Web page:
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Rents in London are dropping as much as 28%

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No, you didn’t read that wrong. For the first time in a long time, rents in London have seriously dropped – by as much as 28% in some postcodes.

We looked at data from June 2019 and compared it with June 2020 to reveal this surprising drop. The average rent price in the capital has fallen by 7% year on year – undoubtedly sparked by the global pandemic and lockdown that followed.

But this sudden plummet seems to be contained to London, as when you look at the UK as a whole it’s a different story: rents have remained stable and haven't changed since June 2019. Take London out of the equation, and rents are actually up by 3% across the rest of the UK. So if you'd been planning on moving to the Big Smoke, now's a pretty good time.

So where exactly are rents falling in the capital, and by how much? Here are some postcodes where we’ve seen big drops:

  1. W8 (Holland Park) – down 28%
  2. NW1 (Camden) – down 16%
  3. SW1 (Westminster/Belgravia/Pimlico) – down 16%
  4. SW8 (South Lambeth) – down 15%
  5. N1 (Angel/Islington/Canonbury) – down 15%
  6. W9 (Maida Vale/Paddington) – down 15%
  7. W2 (Bayswater/Paddington) – down 14%
  8. W10 (North Kensington) down 14%
  9. NW6 (Maida Vale/Kilburn) – down 13%
  10. NW8 (St John’s Wood) – down 13%
  11. SW6 (Fulham) – down 12%
  12. W14 (West Kensington) – down 12%
  13. SE11 (Kennington) – down 11%
  14. WC2 (Strand/Holborn) – down 10%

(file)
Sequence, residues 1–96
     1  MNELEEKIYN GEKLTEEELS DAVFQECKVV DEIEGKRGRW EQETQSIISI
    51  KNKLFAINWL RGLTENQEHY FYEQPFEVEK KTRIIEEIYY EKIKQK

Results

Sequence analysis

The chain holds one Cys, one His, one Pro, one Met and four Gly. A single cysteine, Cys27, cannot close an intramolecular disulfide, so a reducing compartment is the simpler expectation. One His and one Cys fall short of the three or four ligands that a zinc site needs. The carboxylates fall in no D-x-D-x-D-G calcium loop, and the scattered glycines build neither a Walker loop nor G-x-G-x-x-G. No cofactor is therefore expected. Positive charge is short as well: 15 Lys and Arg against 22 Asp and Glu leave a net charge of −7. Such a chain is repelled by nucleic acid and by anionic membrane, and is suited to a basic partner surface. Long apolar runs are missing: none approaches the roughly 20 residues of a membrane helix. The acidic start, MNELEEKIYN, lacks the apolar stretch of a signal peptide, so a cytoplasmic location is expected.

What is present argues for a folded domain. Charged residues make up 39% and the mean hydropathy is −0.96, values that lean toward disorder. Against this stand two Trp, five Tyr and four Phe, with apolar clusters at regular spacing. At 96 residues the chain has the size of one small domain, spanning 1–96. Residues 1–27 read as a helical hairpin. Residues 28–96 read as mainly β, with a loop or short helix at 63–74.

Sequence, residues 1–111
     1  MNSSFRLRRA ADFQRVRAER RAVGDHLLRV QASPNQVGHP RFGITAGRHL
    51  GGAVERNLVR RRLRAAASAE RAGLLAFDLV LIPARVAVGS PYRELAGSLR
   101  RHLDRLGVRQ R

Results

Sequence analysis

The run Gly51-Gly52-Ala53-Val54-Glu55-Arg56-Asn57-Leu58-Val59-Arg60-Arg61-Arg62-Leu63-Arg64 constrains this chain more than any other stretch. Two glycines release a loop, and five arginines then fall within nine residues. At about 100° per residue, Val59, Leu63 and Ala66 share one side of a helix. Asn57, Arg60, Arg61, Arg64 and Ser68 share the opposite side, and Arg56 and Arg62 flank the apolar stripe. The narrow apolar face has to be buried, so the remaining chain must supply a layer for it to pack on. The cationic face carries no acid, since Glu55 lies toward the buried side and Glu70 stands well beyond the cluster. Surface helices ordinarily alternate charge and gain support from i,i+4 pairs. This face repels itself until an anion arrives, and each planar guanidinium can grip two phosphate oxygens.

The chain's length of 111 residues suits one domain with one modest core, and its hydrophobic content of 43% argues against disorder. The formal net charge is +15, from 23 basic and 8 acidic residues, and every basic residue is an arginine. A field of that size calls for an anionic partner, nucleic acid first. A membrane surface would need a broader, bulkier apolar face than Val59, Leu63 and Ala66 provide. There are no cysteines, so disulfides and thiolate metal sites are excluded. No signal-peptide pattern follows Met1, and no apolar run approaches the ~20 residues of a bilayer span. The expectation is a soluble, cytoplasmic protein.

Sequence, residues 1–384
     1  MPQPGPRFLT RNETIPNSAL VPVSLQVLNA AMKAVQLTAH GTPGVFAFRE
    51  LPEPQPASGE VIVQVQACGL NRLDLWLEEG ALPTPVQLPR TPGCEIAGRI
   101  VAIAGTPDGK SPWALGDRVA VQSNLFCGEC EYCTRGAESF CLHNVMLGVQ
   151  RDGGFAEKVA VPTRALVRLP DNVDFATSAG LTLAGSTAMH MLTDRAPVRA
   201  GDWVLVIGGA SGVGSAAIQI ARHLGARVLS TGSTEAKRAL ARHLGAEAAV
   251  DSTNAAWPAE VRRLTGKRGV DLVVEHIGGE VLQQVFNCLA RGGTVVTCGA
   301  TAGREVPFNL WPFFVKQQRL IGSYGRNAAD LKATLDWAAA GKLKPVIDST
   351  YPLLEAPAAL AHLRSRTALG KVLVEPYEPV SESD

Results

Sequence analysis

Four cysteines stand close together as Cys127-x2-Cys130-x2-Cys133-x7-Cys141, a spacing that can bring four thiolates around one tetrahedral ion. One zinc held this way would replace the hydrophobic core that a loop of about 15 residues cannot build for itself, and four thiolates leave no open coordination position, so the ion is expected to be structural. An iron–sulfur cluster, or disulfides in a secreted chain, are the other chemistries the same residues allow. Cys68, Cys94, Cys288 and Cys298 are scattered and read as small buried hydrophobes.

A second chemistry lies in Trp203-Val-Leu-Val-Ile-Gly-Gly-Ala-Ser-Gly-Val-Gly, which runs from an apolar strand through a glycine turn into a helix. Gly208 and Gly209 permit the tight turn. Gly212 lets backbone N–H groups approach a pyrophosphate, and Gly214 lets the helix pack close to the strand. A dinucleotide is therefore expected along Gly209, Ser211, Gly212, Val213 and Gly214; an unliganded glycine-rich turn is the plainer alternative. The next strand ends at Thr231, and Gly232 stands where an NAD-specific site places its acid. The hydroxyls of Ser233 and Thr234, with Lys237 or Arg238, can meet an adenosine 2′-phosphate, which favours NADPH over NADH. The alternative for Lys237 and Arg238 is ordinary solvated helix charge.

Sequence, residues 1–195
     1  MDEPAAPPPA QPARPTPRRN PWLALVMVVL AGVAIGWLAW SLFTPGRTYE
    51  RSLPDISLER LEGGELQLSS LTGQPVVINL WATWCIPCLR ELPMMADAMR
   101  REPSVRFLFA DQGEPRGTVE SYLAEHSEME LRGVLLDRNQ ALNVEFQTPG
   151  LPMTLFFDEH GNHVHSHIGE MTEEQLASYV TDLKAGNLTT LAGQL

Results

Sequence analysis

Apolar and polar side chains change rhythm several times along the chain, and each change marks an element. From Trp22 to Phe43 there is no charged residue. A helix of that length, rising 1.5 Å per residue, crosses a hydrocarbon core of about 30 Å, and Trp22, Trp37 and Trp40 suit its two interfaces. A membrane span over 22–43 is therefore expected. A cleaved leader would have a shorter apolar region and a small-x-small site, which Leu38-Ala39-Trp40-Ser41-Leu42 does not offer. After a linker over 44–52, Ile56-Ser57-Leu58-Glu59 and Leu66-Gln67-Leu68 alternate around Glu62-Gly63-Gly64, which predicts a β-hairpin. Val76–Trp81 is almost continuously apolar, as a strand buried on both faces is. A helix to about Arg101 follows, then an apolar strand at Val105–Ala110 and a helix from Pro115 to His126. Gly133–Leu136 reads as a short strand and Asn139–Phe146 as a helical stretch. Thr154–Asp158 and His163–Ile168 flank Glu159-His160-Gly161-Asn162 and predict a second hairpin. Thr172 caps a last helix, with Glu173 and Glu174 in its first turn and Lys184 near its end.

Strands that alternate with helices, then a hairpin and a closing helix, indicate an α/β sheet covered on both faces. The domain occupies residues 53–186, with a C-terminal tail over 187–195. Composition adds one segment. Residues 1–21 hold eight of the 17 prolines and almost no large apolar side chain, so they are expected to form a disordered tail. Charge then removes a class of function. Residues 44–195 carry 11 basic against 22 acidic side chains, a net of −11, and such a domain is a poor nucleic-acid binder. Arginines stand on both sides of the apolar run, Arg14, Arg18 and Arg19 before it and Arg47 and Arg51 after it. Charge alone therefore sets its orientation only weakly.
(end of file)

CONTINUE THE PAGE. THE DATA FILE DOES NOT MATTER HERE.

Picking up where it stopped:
15. E2 (Bethnal Green) – down 10%
  16. N5 (Highbury) – down 9%
  17. SE13 (Lewisham) – down 8%
  18. SE1 (London Bridge/Borough/Warterloo) – down 8%
  19. SW10 (West Brompton/Chelsea) – down 8%
  20. NW11 (Golders Green) – down 8%

COVID-19 moving restrictions can definitely explain a lot of these dramatic drops – many renters were forced to stay put and roll their contract on as the country went into lockdown. An increase in working from home might also have contributed, as those areas of London with good tube links simply aren’t as desirable or important as they were pre-lockdown.

We all know that rent prices aren’t fixed and could change at any moment, so these cheaper price tags likely won’t last long. So why not strike while London’s at its most accessible and find your next home now?

This London data compares June 2020 with June 2019. It incorporates data from over 77,000 rooms in shared accommodation (inclusive of bills). London data covers E, EC, N, NW, SE, SW, W & WC postcode districts.

Image credit: @brunus.


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